Pindar

No chapter today, or maybe I will record and post it later. I am in a pokey mood.

I am attempting to propagate my rose. I read all of the instructions online about how to do it and then promptly went and did something else. Then I decided that I will do another set that is step-by-step as instructed just to see which works better. Why? Because I am like that.

🙂

But seriously, the end-of-season discount rose bush from home depot is just almost sinful in its blooming glory. It is just amazing to see.

And the Mad Kitten loves the roses. I bring her the blossoms when I deadhead them and she lays on the floor and just puts her head on top of them and zones out. The Mad Kitten who is beginning to respond to her alternate names of “the teapot turkey” and “thunder paws.” I forgot the sheer joy she has at running up and down the stairs of the cave.

But what a difference…Sunday morning and I am making coffee not just because I would like more, but that I need the grounds for the soil. The roses are outside, MK is wandering in and out and I…went to Salvation Army yesterday and bought two books. One of which sent me scrambling on line to Project Gutenberg to download as many ebooks as I could on this poet…Pindar.

He is one of the BIG ONES. You know, the top 9 of classical poets (or 7 or 6 I don’t remember) and yet, no one reads him. Firstly because alot of his work exists only in scraps quoted by other poets but also because of the form and style that he uses. He is called…allusive and without a knowledge of the Hellenic culture (ebook #32) you miss half of what he is talking about. Which is fine, I think all of us write that way on occasion. But he specialized in the Ode, whether it be celebration or elegy that was his form. The majority of his surviving work consists of celebratory odes which are downright monotonous in their praising of various people, victories and so on but it is the manner in which he constructs and patterns his phrases that weave in a commentary on society and culture that make him so very respected.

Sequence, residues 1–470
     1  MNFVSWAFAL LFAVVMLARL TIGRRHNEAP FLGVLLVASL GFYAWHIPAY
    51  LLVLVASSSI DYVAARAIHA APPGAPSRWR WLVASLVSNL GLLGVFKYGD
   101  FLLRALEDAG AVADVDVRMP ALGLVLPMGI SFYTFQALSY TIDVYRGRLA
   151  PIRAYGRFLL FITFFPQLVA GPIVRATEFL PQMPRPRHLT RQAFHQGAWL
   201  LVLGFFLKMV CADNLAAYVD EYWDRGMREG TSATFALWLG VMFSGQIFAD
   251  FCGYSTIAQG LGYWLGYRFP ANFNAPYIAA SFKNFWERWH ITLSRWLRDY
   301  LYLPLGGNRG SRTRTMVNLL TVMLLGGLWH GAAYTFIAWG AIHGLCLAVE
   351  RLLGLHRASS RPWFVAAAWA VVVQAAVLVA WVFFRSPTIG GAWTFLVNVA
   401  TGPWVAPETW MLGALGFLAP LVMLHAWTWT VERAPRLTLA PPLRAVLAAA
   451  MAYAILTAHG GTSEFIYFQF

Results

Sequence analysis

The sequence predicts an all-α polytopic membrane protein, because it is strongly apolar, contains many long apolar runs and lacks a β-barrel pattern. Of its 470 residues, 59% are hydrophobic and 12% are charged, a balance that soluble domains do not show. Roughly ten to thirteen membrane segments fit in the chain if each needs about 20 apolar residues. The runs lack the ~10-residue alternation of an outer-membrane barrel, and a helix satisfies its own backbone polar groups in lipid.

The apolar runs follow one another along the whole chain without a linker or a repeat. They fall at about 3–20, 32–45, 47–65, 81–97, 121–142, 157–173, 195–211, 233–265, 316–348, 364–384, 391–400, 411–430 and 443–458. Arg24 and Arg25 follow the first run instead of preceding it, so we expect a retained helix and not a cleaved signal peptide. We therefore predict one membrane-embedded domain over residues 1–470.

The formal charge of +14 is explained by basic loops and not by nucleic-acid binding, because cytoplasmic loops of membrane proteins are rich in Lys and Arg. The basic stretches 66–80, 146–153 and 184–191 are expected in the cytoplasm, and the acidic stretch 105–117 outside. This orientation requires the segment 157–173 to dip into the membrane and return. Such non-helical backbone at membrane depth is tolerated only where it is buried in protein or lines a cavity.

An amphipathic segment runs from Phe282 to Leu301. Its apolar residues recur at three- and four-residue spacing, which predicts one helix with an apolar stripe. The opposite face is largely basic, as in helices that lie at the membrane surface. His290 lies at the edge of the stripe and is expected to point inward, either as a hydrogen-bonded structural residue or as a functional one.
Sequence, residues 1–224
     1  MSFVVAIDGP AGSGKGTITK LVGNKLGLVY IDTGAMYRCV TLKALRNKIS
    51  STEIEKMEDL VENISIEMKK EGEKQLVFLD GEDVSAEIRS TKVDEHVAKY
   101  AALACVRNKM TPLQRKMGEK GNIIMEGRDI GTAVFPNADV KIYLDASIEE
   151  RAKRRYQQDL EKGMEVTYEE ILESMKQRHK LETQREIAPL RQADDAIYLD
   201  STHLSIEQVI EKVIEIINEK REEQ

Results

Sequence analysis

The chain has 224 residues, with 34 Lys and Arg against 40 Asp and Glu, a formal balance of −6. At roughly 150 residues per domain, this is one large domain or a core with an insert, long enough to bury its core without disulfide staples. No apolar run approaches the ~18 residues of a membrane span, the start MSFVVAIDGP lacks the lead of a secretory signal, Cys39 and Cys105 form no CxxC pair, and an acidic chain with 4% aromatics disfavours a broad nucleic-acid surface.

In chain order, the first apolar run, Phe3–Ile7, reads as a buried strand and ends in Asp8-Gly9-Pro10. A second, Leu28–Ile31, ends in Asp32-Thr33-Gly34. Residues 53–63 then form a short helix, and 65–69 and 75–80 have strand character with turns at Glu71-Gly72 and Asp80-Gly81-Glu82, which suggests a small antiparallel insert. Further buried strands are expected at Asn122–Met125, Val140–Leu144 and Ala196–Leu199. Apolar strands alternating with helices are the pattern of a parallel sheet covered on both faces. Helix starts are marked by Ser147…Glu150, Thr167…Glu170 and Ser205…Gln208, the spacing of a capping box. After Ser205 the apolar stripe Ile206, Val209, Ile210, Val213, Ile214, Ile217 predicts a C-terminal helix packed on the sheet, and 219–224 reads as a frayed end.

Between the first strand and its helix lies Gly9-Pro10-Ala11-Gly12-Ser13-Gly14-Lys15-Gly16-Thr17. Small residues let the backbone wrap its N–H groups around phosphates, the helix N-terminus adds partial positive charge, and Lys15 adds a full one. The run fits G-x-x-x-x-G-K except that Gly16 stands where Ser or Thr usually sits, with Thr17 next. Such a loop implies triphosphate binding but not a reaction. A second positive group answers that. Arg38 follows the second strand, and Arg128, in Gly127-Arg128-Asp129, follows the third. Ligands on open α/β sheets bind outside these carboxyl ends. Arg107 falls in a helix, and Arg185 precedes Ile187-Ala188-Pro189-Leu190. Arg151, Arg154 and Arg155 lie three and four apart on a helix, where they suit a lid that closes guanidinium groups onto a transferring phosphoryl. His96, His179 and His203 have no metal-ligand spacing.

I am just discovering him but already am fast at work taking notes about how he constructs things – so broadly and then zeros in for a specific, allusions that like a Pixar film can be missed by half the audience without them missing the story (but caught by the other half and reveals an actual social commentary).

“Her words fell on good soil and fruited richly.”

or

“Yet even if a man is fortunate and comely beyond his fellows
and winning first place in the games has proved his strength,
let him remember that the limbs he clothes are mortal
and that in the end he will put on a garland of earth.”

it is sunday, ergo, I have no interest in doing any work but am puttering with roses and fooling with mad kittens and waiting for the chime of the bell that marks the start of the writer’s group where I go to sit and disappear into the city.

Hopefully, by the end of this week the cave will return to me my writing time.

I do believe that will be true.


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About cassandratribe

"There are few artists that can do what Cassandra Tribe does. Whether with her poetry, her videos or her blog, Cassandra examines the truths that most of us can never come close to realizing and shows it for what it is, both beautiful and frightening at the same time. She exposes our inner-most workings like the cross-section of a powerful but flawed machine, our gears and springs, nuts and bolts removed and laid out before us. She is a true artist. Her new video, Requiem for a God, is the latest example of Cassandra's willingness to tear open and examine the very things that make us human. Shooting the film entirely by herself, she also eliminates all the little excuses we come up with to keep us from ourselves and our truth. You see, even when she's not trying to be, Cassandra Tribe is a beacon of truth and humanity in this darkest of worlds." (Michael E. Quigg, The Culture Network, June 2009)
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